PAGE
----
Today Emily interviews Joe Biel, Founder and Manager of Microcosm Publishing
We’ve talked to ghostwriters, publishers, self-published authors, editors, project managers, print managers, and this time we’re talking with someone who’s done all the above for quite a while. Joe Biel founded Microcosm Publishing when he was just a teenager, hauling zines in milk crates and getting bombarded by echoey punk music in a concrete bunker. From there, he spent 23 years building a robust indie publishing company, now based in Portland, OR, that knows its audience inside out.
Fortunately for us, he’s written a book called A People’s Guide to Publishing, which goes into the nitty gritty of what it takes to build a publishing company. And we’re talking EVERYTHING. That might sound daunting, but he’s got some pretty fun stories from his own and other publishers’ experience to keep us hyped.
Joe was nice enough to invite us to Microcosm’s office for an interview about his experiences running a publishing company that stays true to its audience. We kept a pretty good balance of fun and informative, addressing questions of book and list development, and publicity in its wackiest forms (i.e., a very cranky Henry Rollins…but then, when isn’t he cranky?). Plus, if you want to know what it looks like when a publishing company decides to divest itself of the Amazon behemoth, read on.
Joe provides his origin story, from growing up in the bleak setting of 1970s Cleveland. Surrounded by massive unemployment, a sky alternating between orange and grey, and parents and adults that preferred him to go off and do his own thing, he felt as if he could get out there and do what was meaningful to him.
The year is 1991 and the cool kids are putting together concerts in a concrete bunker on the beach. Years later, people he knew back then claimed he had been drunkenly babbling about what would later become Microcosm as early as these teenage years.
Joe elucidates what a zine is for people who might not remember the 90s.
Sometimes writers are advised to “write the book you needed when you were younger.” Publishers can do the same thing.
Shape editorial strategy and find books in a unique niche by putting fans and readers first. Joe explains different methods of acquiring, and explains why it’s a bad idea for authors to do “blanket pitches” to a bunch of different companies.
Did you know that “no one has done this before” isn’t actually that good of a pitch? That’s because comp titles are a must. Here’s how to do your research.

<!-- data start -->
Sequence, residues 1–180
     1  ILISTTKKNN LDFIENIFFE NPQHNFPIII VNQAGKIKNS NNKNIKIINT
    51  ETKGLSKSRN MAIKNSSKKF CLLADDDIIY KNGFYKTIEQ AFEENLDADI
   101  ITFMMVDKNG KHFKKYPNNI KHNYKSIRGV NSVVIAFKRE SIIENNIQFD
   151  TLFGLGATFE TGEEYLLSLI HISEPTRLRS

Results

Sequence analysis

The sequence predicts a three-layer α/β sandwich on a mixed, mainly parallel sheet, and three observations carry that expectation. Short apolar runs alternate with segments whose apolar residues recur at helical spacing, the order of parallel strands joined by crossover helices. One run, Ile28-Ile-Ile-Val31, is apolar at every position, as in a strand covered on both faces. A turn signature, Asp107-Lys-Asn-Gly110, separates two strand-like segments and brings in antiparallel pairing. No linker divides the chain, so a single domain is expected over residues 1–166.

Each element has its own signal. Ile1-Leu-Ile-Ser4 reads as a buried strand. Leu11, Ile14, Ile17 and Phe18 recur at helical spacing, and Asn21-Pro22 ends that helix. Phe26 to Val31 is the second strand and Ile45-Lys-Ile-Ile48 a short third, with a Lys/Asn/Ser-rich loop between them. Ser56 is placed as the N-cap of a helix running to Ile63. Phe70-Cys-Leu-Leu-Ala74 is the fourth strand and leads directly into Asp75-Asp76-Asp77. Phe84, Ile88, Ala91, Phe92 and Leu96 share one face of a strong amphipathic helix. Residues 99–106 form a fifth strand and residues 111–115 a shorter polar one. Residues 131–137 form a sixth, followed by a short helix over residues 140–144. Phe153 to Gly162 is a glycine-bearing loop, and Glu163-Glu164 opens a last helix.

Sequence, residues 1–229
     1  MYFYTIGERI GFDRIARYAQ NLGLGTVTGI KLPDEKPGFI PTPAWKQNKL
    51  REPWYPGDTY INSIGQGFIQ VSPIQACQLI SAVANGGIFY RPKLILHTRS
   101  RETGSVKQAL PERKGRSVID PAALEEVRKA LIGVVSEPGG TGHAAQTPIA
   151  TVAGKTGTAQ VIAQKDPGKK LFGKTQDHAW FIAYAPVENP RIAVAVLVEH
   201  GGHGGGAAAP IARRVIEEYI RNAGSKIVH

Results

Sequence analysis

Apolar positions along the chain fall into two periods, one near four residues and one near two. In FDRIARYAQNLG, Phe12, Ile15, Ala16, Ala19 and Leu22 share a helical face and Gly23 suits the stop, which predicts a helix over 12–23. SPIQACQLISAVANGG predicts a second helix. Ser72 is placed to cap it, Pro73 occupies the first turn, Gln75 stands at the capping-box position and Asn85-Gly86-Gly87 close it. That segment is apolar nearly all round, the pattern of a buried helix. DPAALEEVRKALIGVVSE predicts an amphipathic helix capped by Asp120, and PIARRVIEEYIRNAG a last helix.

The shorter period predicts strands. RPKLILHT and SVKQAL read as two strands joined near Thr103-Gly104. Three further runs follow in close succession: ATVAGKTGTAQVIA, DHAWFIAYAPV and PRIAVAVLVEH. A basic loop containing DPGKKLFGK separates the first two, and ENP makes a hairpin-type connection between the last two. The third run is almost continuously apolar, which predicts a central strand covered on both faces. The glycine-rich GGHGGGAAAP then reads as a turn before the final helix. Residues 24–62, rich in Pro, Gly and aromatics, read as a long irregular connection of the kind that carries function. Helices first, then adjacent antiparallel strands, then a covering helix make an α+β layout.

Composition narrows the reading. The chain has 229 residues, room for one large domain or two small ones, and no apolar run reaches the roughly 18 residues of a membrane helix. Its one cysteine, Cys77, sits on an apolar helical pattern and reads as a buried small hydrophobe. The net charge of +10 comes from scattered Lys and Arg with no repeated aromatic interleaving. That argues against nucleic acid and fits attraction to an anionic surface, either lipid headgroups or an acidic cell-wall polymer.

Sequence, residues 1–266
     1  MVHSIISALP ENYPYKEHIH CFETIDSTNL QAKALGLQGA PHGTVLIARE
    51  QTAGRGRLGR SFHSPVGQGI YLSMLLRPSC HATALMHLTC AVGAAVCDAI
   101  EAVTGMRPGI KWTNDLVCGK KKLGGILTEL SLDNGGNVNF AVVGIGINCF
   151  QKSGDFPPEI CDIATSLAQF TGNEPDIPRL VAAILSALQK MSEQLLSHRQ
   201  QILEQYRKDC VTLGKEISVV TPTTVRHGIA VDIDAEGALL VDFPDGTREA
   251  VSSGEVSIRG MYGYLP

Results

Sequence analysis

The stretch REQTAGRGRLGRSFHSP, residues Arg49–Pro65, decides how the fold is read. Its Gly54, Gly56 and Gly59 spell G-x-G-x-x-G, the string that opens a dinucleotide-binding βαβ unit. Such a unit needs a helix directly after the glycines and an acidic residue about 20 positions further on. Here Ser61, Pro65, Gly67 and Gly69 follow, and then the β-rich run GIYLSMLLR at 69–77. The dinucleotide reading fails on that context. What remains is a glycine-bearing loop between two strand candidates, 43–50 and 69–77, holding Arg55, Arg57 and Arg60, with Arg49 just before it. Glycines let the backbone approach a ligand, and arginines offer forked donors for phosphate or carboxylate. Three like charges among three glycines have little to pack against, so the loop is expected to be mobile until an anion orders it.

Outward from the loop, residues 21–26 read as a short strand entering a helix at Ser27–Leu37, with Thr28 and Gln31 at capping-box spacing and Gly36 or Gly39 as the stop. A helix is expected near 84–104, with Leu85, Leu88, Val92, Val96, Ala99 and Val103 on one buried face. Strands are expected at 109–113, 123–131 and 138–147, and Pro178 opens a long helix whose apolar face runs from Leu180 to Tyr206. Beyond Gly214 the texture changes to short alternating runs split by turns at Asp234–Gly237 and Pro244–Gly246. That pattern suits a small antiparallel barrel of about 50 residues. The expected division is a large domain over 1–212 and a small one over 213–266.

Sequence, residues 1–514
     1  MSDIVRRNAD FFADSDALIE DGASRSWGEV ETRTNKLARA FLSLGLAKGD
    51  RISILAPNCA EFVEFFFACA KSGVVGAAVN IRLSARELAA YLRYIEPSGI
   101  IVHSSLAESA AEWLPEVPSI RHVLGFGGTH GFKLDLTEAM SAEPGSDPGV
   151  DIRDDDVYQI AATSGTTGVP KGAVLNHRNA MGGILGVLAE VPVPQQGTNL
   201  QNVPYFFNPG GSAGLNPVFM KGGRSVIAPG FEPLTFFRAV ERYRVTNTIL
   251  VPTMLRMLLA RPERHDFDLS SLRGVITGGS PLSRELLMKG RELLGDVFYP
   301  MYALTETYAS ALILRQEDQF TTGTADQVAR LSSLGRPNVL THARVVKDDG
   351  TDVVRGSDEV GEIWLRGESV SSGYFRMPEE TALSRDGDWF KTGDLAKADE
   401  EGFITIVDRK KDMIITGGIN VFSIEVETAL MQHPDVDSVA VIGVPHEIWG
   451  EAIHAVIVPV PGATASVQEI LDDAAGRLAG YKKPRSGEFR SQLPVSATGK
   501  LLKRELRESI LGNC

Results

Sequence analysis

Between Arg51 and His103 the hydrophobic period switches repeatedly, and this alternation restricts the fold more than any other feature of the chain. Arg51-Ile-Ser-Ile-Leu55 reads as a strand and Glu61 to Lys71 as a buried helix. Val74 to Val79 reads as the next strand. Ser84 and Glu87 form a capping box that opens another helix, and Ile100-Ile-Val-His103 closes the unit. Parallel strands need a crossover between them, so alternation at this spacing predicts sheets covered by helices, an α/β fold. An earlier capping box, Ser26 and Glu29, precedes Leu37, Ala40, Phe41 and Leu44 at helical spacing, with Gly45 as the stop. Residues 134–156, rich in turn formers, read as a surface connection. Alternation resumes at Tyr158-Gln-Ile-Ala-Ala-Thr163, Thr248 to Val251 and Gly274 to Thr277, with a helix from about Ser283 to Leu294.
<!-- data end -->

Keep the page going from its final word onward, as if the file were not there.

As per Corinne’s request, we talk about Henry and Glenn Forever, a parody by Tom Neely about an imagined romantic partnership between Glenn Danzig and Henry Rollins. The idea of “all publicity is good publicity” applies. And Hall & Oates might actually be Satanists?
Joe talks about alternative ways of funding a book. He goes into detail about Kickstarter being a way to get a book off the ground and a way to learn about demand in a particular demographic of reader who doesn’t frequent bookstores. (Speaking of reader demographics…black women over 50 buy the most books of any demographic. Take note, big 5.)
A bestseller doesn’t always depend on how big an author’s platform. In fact, that attitude can be a trap.
How a small press—not just an author—can create loyal fans, and then in turn be loyal to them.
A cautionary case study of a book endorsed by a big name author flopping due to a wrong fit. A book can still fail even if its foreword is written by a world famous naturalist and is about a young boy who brings a large bird to live in his house.
Biel talks about Microcosm’s big move to disconnect from Amazon completely. And guess what? It’s going great. More people should try it.
Biel gives his main piece of advice for people who want to start a publishing company: find your perfect niche. And keep that ground game strong—selling books is about much more than just SEO. (Also we talk about the bizarro fiction press, Eraserhead, who gets it just right. What is bizarro fiction you ask? Well…just go check them out.)
If you’re ever in the magical vagina that is Portland, OR, be sure to visit Microcosm at:
2752 N Williams Ave
Portland, OR 97227
They’re also online at: